Wisconsin Tribe Sues Over Proposed Mine in Upper Peninsula

The Menominee River. Photo courtesy of Janette Brimmer/ Earthjustice.

GREEN BAY, Wis. (CN) – The Menominee Indian Tribe of Wisconsin claims in a federal lawsuit that the Environmental Protection Agency must take control of the permitting process for a proposed sulfide mine along a river on Michigan’s Upper Peninsula because the river and its wetlands are protected interstate waters.

Represented by Earthjustice and tribe lawyers, the Menominee Tribe brought a complaint in Green Bay, Wisconsin, federal court Monday against the EPA, Administrator Scott Pruitt, the U.S. Army Corps of Engineers and Army Secretary Mark Esper.

The federally recognized tribe claims the agencies violated the Clean Water Act and Administrative Procedure Act by not exercising federal jurisdiction over the permit application for the proposed Back Forty Mine along the Menominee River.

The river forms the border between Wisconsin and Michigan’s Upper Peninsula. The proposed sulfide mine would be located on the banks of the Menominee River in Menominee County, Michigan.

Canada-based Aquila Resources applied for a Section 404 permit under the Clean Water Act for the mine last year. According to the lawsuit, an environmental assessment showed the mine would negatively affect wetlands and the water table in the area. Burial mounds, historic agricultural sites and cultural sites would also face potential permanent damage, the tribe claims.

“The sulfide ores are reactive, meaning that they will form acids when exposed to water and air resulting in what is commonly referred to as ‘acid mine drainage,’ where there is runoff or leaching from mine surfaces and/or waste rock or tailings,” the complaint states. “The pollutants in this runoff are damaging to fish, vegetation, and water quality generally. Moreover, the sulfates in runoff or wastewater from mining are highly damaging to wild rice.”

The EPA and Army Corps of Engineers have declined to exercise jurisdiction of the permit application, according to the lawsuit, instead saying Michigan has authority over the matter.

But the Menominee Tribe argues that in 1979, the Menominee River was designated an interstate water under federal law and therefore Michigan cannot have jurisdiction over a permit for the mine, which the tribe says will affect the river.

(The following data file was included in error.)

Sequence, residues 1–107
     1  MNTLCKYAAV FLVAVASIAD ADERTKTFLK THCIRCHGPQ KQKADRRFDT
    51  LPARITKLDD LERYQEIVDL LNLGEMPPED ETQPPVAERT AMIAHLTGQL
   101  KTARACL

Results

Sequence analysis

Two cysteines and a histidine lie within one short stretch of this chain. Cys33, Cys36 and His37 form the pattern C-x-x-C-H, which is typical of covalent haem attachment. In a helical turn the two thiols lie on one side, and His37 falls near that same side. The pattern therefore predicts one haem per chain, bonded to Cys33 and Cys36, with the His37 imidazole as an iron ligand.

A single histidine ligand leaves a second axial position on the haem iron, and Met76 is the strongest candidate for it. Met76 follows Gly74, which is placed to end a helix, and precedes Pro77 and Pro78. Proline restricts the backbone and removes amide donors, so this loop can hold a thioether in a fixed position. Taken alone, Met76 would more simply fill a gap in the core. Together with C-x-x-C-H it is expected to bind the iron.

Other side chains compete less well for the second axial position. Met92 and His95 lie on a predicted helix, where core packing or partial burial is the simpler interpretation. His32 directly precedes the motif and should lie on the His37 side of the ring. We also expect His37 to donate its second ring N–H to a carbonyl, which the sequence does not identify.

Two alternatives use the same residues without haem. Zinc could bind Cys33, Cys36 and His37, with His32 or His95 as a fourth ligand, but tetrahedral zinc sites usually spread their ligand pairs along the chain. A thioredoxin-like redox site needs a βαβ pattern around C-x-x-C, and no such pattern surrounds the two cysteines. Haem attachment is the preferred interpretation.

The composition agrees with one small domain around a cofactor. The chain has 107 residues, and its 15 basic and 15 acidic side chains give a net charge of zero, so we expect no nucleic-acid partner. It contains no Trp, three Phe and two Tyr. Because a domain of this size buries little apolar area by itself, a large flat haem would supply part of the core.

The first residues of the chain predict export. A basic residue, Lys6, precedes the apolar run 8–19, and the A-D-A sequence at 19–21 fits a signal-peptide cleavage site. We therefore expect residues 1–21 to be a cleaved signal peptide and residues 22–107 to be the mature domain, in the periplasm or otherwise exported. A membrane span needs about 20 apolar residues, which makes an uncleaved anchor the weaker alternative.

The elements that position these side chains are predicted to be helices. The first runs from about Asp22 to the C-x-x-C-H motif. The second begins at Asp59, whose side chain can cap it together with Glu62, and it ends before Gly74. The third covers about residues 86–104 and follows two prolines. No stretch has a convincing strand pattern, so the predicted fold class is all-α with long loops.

“The Menominee River has been, and continues to be, used for interstate commerce, including the portions of the river at the location of, and downstream from, the proposed Back Forty Mine. Many area businesses rely on the river and use it for fishing boating, recreation, commerce, and industry,” the complaint states.

The tribe wants a federal judge to declare that Section 404 of the Clean Water Act prevents delegation of jurisdiction over the river and its wetlands to Michigan. It also seeks an injunction ordering the EPA and Army Corps of Engineers to exercise federal jurisdiction over the proposed mine.

The Menominee Tribe’s lead attorney, Janette Brimmer with Earthjustice, said Michigan cannot control the mine’s permit because the river and its wetlands are interstate waters.

“Resources don’t belong to just one state, don’t belong to a company—they belong to everybody and with a lot of implications, backwards and forwards in time,” Brimmer said in a phone interview. “For the tribe, backwards in time in terms of their cultural and historic resources but also forward in terms of protecting water quality from what could be a big threat. I think something to learn is time and again, our decision makers kind of rush to judgment and those that have the most access tend to be business interests or people that want to take advantage of the resource. I think slowing down and thinking about this from a public point of view would benefit everyone.”

The EPA declined to comment on the pending litigation. The Army Corps of Engineers did not immediately respond Tuesday to an email request for comment.

The 17-page lawsuit details the tribe’s “existential” connection to the Menominee River and says its protection is of “supreme importance.”

The tribe says it uses the river and surrounding areas for recreation, hunting and fishing and the mine’s pollution will have a negative impact on those daily activities.

“Destruction or damage to any one cultural resource, site, or landscape contributes to destruction of the tribe’s culture, history, and religion. Injury to the Menominee Tribes’ cultural resources causes injury to the tribe and its members,” the lawsuit states.

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